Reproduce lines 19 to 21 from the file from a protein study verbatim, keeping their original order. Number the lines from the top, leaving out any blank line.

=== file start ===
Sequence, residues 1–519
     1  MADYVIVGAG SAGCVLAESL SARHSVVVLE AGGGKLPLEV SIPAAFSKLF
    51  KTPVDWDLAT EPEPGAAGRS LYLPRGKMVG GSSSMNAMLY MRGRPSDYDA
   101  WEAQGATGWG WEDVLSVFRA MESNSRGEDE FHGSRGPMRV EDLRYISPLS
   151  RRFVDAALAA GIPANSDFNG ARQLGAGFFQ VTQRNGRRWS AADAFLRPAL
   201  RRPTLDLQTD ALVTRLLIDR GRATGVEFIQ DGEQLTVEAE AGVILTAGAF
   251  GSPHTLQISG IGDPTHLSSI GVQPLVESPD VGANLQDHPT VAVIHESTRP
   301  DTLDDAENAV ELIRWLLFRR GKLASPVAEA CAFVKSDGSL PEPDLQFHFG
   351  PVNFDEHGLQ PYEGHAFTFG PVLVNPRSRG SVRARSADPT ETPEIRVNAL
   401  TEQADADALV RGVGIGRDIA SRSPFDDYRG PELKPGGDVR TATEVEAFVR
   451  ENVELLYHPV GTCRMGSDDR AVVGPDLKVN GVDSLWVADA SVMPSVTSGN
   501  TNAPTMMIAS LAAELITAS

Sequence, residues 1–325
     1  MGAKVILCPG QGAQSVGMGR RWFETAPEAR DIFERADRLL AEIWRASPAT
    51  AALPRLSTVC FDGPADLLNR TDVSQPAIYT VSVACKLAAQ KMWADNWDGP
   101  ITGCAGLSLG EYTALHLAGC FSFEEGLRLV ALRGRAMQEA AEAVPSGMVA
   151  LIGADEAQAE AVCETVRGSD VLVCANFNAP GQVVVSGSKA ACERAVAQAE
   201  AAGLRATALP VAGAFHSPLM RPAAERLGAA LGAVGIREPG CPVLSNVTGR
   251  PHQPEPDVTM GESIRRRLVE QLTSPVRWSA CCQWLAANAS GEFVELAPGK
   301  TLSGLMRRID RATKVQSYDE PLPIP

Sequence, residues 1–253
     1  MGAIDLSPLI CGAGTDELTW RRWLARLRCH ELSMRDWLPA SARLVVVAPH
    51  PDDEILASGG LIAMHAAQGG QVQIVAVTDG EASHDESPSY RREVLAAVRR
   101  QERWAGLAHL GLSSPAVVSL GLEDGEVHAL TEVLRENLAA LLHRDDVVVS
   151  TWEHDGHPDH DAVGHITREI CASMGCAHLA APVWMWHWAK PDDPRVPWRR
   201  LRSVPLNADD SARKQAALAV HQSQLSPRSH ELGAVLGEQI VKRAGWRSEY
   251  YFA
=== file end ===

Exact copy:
   251  PHQPEPDVTM GESIRRRLVE QLTSPVRWSA CCQWLAANAS GEFVELAPGK
   301  TLSGLMRRID RATKVQSYDE PLPIP

Sequence, residues 1–253